Marston movie makes waves abroad: "The case for polyamorous marriage"
The UK's Telegraph, normally a very conservative paper, used its own positive review of the movie (four stars out of five) as the jumping-off for a separate, meditative, 1,600-word article introducing polyamory and its attractive qualities to unaware readers:
Can threesomes work? Professor Marston, Wonder Woman, and the case for polyamorous marriage
Mary Shelley, Lord Bryon, and Claire Clairmont (Getty)
By Rebecca Hawkes
...Being a polyamorist means being in a committed, meaningful relationship with more than one person at a time, in which everyone involved is comfortable with the group relationship. In love with both your wife and your secret girlfriend? That’s not polyamory; just adultery. Living harmoniously with your wife and girlfriend in a loving, mutually satisfying threesome? That’s probably polyamory.
...The film, [Niko] Bell writes, is “emotional porn for poly people… It’s a big, wet, effusive kiss to the ideals of contemporary polyamory”.
...The word “polyamory” may be a relatively recent one, first coined in the 1990s, but polyamory itself has probably always been a part of human culture.... But part of the problem for those looking to retell these stories for a modern audience is that examples of historical polyamorous relationships which aren’t obviously exploitative, and which reflect at least some modern ideals surrounding love, are hard to find. ["Aren't obviously exploitative"? See Franklin Veaux's takedown of how William and Elizabeth Marston treated Olive Byrne, below.]
...Some historians ... believe that the poet [Percy Bysshe] Shelley, the author Mary Shelley, her step-sister Claire Clairmont and Lord Byron, radical freethinkers of their own age, may have indulged in some form of polyamory, although this interpretation of their relationship is disputed by others.
...Today, a surprising number of people see polyamorous relationships as "an ethical alternative to infidelity" and live very happily within them. According to a 2014 study, in the US alone there are 9.8 million in relationships involving "satellite lovers"; no wonder there are increasing calls for polyamorists to be allowed to marry each other legally.
Another study, by Maria Pallotta-Chiarolli of Deakin University in Australia, has even found that children can thrive in such an environment: “Research shows that most children are really happy growing up with lots of adults, in fact most kids love it,” she said.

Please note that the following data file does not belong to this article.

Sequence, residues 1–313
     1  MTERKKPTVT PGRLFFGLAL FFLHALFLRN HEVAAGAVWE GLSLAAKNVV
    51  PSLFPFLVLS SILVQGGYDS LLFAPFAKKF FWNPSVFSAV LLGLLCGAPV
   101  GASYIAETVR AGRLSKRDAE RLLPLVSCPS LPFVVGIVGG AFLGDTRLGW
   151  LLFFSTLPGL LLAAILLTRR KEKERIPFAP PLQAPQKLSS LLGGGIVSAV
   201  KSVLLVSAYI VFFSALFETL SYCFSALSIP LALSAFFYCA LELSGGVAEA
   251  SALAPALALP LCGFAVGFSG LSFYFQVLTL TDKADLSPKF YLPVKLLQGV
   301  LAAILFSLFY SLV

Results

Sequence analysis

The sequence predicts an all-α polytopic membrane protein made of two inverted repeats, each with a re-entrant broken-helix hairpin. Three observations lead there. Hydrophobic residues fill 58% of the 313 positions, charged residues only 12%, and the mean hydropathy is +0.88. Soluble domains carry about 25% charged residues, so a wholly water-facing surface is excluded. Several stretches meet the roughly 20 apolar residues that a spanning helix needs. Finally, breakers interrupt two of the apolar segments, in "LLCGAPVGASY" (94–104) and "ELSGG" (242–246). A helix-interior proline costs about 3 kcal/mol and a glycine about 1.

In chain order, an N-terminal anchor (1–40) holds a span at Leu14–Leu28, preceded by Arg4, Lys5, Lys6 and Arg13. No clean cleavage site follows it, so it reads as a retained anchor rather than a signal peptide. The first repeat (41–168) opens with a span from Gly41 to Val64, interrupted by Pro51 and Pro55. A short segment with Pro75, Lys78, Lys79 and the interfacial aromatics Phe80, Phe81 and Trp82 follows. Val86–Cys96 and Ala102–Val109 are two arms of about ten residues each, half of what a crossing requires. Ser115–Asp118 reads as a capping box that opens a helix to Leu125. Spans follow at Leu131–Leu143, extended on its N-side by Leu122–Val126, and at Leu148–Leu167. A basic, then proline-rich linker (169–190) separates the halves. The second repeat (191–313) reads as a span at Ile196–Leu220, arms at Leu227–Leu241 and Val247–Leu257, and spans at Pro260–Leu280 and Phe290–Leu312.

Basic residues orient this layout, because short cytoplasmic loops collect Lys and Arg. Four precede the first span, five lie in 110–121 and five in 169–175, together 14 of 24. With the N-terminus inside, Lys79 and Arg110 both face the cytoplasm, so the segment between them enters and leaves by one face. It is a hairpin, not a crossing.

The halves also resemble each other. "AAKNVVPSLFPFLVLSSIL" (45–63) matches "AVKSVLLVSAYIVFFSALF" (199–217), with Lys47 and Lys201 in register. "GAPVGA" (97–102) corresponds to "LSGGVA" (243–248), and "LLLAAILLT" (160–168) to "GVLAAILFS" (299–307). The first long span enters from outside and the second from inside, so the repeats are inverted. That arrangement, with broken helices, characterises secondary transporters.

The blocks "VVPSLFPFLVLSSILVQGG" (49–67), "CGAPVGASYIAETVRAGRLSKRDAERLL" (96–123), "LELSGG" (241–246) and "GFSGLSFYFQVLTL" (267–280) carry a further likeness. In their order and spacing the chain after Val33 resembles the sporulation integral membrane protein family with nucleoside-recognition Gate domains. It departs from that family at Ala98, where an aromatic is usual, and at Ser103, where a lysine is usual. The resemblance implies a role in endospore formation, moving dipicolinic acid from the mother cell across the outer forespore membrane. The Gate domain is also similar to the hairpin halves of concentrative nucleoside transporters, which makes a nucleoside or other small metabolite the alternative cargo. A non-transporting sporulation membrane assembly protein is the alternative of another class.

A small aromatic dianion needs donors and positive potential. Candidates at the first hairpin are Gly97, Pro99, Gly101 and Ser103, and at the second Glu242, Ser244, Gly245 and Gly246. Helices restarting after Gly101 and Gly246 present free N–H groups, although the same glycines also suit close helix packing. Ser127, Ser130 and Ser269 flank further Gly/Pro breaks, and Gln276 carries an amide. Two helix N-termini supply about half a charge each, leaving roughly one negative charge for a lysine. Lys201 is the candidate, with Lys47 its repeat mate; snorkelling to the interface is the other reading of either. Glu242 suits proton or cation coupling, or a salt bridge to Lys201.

...Purists might insist it is wrong of us to impose our own values on the past, but box office returns say otherwise. Perhaps it’s high time that polyamory, niche as it may be, received its own quirky, almost-true Hollywood fairy tale.
The whole article (November 10, 2017. Registration wall).
We can quibble with the implication that polyfolks usually live in group households; most don't. The most common form today is a primary open marriage with everyone as friends – or, especially among the young, a larger intimate network that is less hierarchical, more changeable, and trails off into the meta-metamour distance.1
However, Loving More's big surveys in 2000 and 2012 found that within the self-identified poly community, a group-relationship household is the ideal for many more polyfolks than manage to put one together. It's a high hurdle for the just the right (unusual) people with the right skills and compatibility to find each other at the same time, and then for the practicalities of combining households to work for all of them at once.
1. What distinguishes polyamory from other forms of consensual non-monogamy ("CNM" in sociology-speak) is an ethic that at least to some degree, "We're all in this together."
● Poly writer Franklin Veaux, among others, points out the gross power and consent violations in how William and Elizabeth began their relationship with his student. Franklin goes into full snark mode in his review Professor Marston and the Great Unicorn Hunt (Nov. 13, 2017):
...PROFESSOR MARSTON: My new undergrad psychology student is hot.
ELIZABETH MARSTON: I’ve got bad news and good news. The bad news is this is the [1920s], which means Harvard won’t give me a Ph.D. because I’m a woman. The good news is that this is the [1920s], which means there’s no such thing as an ethics review board, so if you want to sexually groom and then experiment on your undergrad student in really creepy ways that totally objectify her and violate her consent, that’s okay. Also, I have no concept of sexual jealousy.
The polyamorous people in the audience CHEER
ELIZABETH MARSTON: I also have no concept of consent.
PROFESSOR MARSTON: Awesome! This will be fun. What is your name, hot undergrad student?
UNICORN: You may call me Unicorn. My mother and aunt are the best-known feminists of this decade. I was raised in a convent, so I am sexually naive and trusting. Plus, I just starred in Fifty Shades Darker, so I have a totally fucked perception of how consent is supposed to work. Also, it kinda makes me this film’s version of the Born Sexy Yesterday trope. ...